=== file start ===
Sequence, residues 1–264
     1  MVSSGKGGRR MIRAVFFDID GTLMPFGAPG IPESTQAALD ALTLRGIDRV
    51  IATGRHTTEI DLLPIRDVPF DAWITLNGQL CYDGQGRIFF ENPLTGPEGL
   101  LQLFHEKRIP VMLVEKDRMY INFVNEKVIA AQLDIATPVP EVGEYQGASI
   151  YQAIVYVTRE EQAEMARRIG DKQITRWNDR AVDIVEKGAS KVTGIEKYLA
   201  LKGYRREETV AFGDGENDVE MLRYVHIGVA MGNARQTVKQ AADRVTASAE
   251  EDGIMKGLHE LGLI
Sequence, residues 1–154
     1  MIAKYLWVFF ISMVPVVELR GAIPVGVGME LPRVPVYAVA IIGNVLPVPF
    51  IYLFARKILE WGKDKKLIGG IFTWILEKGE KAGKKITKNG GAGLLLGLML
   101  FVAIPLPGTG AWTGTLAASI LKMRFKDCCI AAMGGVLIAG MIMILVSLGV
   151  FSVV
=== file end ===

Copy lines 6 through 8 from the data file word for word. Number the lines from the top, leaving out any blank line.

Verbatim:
   201  LKGYRREETV AFGDGENDVE MLRYVHIGVA MGNARQTVKQ AADRVTASAE
   251  EDGIMKGLHE LGLI
Sequence, residues 1–154